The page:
Pooja Desai, Honorable Mention
Other children counted down to Thanksgiving. I waited for August because of Ganesh Chaturthi – the one day of each year when I could satiate my craving for modaks – succulent sweets shaped by my grandmother’s hands. I watched entranced as Aaji, my grandmother, spooned delicately spiced caramelized coconut shreds into rice flour dough, enclosing it gently in dome-shaped “Indian dumplings”.
There was one rule: no eating the steamed modaks piled on steel plates. Not yet. “Ganesh Chaturthi is a day in which we honor the Lord Ganesha” Aaji would say. And so, I had to wait until they had been offered to the saffron statue of the deity with a prayer. Here, in my grandmother’s kitchen, I learned things worth waiting for require patience.
By the time I was nine, Aaji grew tired of my loitering in the kitchen and instead sat me in the large petrified wood chairs at the kitchen table handing me a clump of sticky dough. While we worked she told me stories in Marathi, tongue rounding the syllables of the language. Her words constructed the fortresses of Shivaji, the Maratha boy-king who with wit, defended his kingdom and achieved the impossible. She rebuilt India’s ancient empires, explained the sanctity of the Ganges. She told of the gods, especially Ganesh, the elephant headed one, remover of obstacles, protector of children, lover of modaks. Here, in my grandmother’s kitchen, I learned of the stories in the spices.
At eleven, I began to wonder about her life. She pulled out dusty albums identifying in sepia pictures the cat my late grandfather had hated but cuddled in sleep; the hospital that her mother, one of the first female doctors in India, founded; the dams, icons of industrialization, that she and my grandfather traveled to build. I had believed my grandmother to be a simple woman, ordinary, elegant, immaculate. I was wrong. Palms dusty with rice flour, I learned of her sacrifices to ensure her children were well educated and her husband able to pursue what he loved. I listened to her dreams deferred. I was touched by the mistakes, challenges and small victories that filled my grandmother’s life. Here, in my grandmother’s kitchen, I learned good people, like good food, have layers of taste. Sometimes you have to add some melted butter and take a bite to truly understand the depth of their flavor.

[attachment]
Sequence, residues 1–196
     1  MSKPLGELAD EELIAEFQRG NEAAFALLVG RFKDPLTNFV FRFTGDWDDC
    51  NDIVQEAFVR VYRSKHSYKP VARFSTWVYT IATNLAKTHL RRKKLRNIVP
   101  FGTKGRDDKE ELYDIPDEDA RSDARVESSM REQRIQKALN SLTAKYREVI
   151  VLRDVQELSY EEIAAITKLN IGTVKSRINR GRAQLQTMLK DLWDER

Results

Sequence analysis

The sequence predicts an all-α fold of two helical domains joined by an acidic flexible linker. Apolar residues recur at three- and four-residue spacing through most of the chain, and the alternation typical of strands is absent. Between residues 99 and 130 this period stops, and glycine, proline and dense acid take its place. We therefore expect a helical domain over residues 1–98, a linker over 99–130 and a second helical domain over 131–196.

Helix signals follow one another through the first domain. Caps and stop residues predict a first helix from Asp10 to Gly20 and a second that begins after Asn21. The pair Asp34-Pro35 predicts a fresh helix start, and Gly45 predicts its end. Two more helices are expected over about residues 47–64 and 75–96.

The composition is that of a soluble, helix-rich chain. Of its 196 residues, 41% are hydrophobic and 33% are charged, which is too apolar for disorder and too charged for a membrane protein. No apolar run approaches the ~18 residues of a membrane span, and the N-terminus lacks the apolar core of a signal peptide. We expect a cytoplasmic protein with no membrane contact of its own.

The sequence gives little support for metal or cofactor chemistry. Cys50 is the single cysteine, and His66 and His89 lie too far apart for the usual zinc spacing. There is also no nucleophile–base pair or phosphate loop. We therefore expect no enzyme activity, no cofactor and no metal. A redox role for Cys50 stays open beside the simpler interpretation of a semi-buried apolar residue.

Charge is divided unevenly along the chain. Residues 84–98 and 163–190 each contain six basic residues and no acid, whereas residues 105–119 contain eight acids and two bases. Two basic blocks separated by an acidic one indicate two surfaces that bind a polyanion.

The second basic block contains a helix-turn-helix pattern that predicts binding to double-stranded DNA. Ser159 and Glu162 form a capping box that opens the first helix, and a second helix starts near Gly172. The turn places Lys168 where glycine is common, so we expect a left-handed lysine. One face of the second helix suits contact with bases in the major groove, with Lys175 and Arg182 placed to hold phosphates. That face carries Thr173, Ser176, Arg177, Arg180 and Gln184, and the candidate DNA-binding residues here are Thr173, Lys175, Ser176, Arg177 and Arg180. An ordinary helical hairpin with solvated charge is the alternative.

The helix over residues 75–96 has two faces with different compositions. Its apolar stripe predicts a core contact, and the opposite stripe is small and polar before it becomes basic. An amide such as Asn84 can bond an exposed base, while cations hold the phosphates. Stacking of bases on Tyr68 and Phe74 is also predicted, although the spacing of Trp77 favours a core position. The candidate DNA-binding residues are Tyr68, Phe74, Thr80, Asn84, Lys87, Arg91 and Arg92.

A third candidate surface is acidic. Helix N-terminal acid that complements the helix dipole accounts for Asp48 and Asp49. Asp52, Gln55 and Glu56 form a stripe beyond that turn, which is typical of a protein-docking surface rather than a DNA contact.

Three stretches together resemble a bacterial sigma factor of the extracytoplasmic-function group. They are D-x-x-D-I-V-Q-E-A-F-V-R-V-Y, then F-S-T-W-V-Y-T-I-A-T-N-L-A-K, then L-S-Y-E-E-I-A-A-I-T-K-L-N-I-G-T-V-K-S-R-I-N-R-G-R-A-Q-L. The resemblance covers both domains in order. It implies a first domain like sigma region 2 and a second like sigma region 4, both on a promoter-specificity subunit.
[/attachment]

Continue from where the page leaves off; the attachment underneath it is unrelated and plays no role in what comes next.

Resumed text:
Aaji was diagnosed with breast cancer the year I turned thirteen. The emergency mastectomy left her on bed rest, hooked to IV tubes, unable to walk. By August she was at the kitchen table, a stainless steel plate of white dough before her. Awkwardly stationed at the counter, I attempted in graceless, garbled Marathi to explain the wonderment of the Wizarding World, detail the history of terracotta soldiers in Xian, China, familiarize her with the trite intricacies of middle school friendships. In our hands were modaks, hers round and elegant and mine shapelier than in years past.
Here, in my grandmother’s kitchen, I grew up.